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Hi all!

I want to bring up the prospect of native gardening.

If you haven't read Nature's Best Hope, I recommend you do so. It's a great book that can be summed up in this quote:

...humans now occupy or have seriously altered nearly all of the spaces outside our parks and preserves. Each of us carries an inherent responsibility to preserve the quality of earth's ecosystems. When we leave the responsibility to a few experts (none of whom hold political office), the rest of us remain largely ignorant of earth stewardship and how to practice it. The conservation of Earth's resources, including its living biological systems, must become part of the everyday culture of us all, worldwide.

Native planting has become an obsession for me. I have a very small yard that I have spent the last two years (trying) to turn into a native prairie (local to my area).

I don't use herbicides or pesticides on my lawn. This year was the first year that wildflowers started to pop up along with all of the invasive. I've seen 10 monarchs already this year (after seeing none any previous years). My lawn is filled with birds eating the bugs in my poison-free yard. We've even had frogs and rabbits, something I've NEVER seen in my suburban neighborhood.

Every day during spring I rush outside. Unlike traditional gardens, native gardens change drastically every season as well as every year.

If you live somewhere like I do, the native plants and animals have lost almost every space that have left. My eco region is extremely small and narrow, and it's been almost completely replaced by urban sprawl.

Native plants host the very unique needs of the animals who depend on your ecoregion to survive. Whether that's birds or butterflies that are migrating and searching for food, reproducing, or trying to find shelter--all of that is largely dependent on giving them the native plants that they have evolved with over hundreds of years that have now been replaced.

It has been amazing learning about the natural history and plants and animals that make up my area. I have learned that there are less native prairies that there are rainforests, despite the ecological benefit being just as important.

The amount of life I have seen grown from what was once a half-dead lawn is amazing. I truly feel like I am making a difference. Yes it's small, but when you see all of the various forms of life that are making home in their natural space, it feels amazing.

Hi all! I want to bring up the prospect of native gardening. If you haven't read Nature's Best Hope, I recommend you do so. It's a great book that can be summed up in this quote: *...humans now occupy or have seriously altered nearly all of the spaces outside our parks and preserves. Each of us carries an inherent responsibility to preserve the quality of earth's ecosystems. When we leave the responsibility to a few experts (none of whom hold political office), the rest of us remain largely ignorant of earth stewardship and how to practice it. The conservation of Earth's resources, including its living biological systems, must become part of the everyday culture of us all, worldwide.* Native planting has become an obsession for me. I have a very small yard that I have spent the last two years (trying) to turn into a native prairie (local to my area). I don't use herbicides or pesticides on my lawn. This year was the first year that wildflowers started to pop up along with all of the invasive. I've seen 10 monarchs already this year (after seeing none any previous years). My lawn is filled with birds eating the bugs in my poison-free yard. We've even had frogs and rabbits, something I've NEVER seen in my suburban neighborhood. Every day during spring I rush outside. Unlike traditional gardens, native gardens change drastically every season as well as every year. If you live somewhere like I do, the native plants and animals have lost almost every space that have left. My eco region is extremely small and narrow, and it's been almost completely replaced by urban sprawl. Native plants host the very unique needs of the animals who depend on your ecoregion to survive. Whether that's birds or butterflies that are migrating and searching for food, reproducing, or trying to find shelter--all of that is largely dependent on giving them the native plants that they have evolved with over hundreds of years that have now been replaced. It has been amazing learning about the natural history and plants and animals that make up my area. I have learned that there are less native prairies that there are rainforests, despite the ecological benefit being just as important. The amount of life I have seen grown from what was once a half-dead lawn is amazing. I truly feel like I am making a difference. Yes it's small, but when you see all of the various forms of life that are making home in their natural space, it feels amazing.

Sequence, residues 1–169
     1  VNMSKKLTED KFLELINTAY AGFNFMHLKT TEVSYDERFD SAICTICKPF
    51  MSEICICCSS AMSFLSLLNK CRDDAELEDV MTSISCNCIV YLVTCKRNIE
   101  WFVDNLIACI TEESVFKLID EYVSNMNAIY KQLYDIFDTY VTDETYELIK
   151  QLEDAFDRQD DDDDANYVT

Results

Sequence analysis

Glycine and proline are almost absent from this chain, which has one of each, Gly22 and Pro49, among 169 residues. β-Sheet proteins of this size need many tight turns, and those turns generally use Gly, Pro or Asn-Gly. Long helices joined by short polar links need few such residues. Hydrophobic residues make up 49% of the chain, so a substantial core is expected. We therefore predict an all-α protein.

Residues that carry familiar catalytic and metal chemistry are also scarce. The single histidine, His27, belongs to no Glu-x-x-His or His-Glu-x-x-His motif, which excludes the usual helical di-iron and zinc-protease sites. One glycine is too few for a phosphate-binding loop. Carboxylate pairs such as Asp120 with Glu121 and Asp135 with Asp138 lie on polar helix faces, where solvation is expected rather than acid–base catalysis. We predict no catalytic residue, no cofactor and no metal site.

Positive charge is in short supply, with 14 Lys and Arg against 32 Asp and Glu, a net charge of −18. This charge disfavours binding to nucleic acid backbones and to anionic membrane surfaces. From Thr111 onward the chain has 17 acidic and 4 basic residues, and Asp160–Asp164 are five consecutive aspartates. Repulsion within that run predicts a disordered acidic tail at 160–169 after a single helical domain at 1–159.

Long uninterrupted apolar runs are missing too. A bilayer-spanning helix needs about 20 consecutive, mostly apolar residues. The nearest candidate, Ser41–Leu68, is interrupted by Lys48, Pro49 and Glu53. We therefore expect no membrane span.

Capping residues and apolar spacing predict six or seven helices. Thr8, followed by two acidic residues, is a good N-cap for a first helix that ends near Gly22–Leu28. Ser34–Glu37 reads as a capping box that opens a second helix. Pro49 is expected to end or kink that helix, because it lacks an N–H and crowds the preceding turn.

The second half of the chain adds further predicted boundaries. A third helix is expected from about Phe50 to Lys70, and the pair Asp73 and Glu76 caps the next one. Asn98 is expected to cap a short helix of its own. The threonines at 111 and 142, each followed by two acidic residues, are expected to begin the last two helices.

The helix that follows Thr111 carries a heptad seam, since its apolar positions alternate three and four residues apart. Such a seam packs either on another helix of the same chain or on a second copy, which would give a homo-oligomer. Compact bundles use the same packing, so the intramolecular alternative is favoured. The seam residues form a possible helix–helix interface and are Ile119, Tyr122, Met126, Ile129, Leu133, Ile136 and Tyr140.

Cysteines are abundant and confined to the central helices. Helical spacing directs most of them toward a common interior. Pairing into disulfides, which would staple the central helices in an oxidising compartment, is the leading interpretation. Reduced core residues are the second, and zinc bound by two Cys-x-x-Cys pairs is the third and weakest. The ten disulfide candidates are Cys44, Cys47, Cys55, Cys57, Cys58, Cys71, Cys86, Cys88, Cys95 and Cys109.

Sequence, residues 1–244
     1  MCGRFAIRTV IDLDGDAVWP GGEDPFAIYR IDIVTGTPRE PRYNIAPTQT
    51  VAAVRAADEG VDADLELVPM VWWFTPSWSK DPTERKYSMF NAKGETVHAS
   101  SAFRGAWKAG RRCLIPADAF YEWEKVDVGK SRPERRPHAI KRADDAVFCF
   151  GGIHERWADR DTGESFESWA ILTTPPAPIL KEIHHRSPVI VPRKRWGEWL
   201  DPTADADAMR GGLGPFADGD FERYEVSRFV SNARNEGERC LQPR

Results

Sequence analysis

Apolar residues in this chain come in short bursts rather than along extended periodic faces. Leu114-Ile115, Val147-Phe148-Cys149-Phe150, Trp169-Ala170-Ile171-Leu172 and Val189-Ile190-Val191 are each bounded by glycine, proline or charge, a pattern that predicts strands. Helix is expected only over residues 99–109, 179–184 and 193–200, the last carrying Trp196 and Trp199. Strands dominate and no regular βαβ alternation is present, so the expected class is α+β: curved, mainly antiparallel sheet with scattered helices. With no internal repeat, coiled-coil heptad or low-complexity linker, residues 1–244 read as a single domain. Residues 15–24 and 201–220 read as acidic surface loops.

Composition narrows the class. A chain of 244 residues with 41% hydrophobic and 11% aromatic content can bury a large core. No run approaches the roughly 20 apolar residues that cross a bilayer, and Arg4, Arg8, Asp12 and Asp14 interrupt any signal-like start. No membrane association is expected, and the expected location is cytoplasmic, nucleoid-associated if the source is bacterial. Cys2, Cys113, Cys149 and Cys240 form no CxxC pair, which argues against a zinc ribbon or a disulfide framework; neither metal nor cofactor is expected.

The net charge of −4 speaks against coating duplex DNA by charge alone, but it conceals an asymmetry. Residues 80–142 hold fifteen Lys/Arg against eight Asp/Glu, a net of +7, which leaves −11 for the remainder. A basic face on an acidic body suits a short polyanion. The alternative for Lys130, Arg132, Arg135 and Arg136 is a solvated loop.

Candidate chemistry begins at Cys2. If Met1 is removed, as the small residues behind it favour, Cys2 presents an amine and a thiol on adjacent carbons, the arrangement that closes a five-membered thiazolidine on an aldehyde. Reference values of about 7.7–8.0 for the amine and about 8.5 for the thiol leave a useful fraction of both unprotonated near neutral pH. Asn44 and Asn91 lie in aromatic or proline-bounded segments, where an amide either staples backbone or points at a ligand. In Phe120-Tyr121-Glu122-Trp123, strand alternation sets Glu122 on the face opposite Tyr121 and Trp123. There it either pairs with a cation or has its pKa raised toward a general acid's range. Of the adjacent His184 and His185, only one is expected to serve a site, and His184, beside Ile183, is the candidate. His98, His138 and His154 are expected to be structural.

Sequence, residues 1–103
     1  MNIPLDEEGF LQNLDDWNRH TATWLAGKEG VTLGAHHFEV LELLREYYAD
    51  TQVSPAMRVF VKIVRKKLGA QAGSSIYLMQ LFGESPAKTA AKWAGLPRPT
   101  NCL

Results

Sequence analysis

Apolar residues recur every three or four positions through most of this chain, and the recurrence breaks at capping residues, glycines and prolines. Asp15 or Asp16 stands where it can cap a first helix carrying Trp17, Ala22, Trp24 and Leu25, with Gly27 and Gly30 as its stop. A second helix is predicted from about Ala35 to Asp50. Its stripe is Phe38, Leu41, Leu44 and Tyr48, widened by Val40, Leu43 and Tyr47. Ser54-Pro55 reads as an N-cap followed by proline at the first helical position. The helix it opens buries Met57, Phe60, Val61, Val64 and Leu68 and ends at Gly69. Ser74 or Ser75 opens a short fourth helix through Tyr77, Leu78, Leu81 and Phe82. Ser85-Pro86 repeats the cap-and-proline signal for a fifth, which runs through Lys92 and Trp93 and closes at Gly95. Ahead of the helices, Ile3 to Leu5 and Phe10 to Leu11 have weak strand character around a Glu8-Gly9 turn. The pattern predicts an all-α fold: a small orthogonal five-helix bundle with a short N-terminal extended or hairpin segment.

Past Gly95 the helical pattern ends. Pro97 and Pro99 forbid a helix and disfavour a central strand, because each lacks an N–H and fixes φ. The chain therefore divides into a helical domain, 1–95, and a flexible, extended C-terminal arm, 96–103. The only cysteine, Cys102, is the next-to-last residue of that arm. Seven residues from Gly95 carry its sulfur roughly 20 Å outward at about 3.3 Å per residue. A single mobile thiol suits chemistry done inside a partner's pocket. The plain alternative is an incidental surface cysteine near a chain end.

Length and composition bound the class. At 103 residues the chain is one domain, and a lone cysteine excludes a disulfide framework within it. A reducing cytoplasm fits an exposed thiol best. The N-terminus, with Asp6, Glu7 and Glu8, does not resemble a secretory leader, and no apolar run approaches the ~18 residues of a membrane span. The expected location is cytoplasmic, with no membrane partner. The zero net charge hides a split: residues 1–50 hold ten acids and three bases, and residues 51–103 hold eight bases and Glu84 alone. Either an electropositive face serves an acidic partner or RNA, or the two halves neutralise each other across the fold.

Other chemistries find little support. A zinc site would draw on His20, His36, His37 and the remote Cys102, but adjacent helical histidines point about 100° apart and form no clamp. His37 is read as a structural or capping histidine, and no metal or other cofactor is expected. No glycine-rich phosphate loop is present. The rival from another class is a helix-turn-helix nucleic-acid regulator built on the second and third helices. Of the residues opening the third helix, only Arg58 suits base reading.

26 comments

[–] girl_undone 1 points (+1|-0)

Your yard sounds wonderful!

Sometimes I let some parts of my grass go to seed and it's absolutely incredible how beautiful it is. I'm too scared of fire to let a lot of it go that way but I'm hoping I can have some large wild grass patches and maybe attract some birds that like that habitat to visit.

I've been trying to replace invasive plants with natives for a little while. I got rid of an invasive patch and found a ton of garbage buried underneath it that I've been cleaning up ever since. The end is finally in sight, I think.

[–] [Deleted] 1 points (+1|-0)

That's wonderful! I do not thing a dogmatic "everything has to be perfectly natural and native" is the way to go anyways. Having some lawn is okay! A lawn with little pockets of oasis is infinitely better than 99% of what we currently have. Plus, if your lawn looks nice (mine does not) it's easier to sell it to neighbors and friends!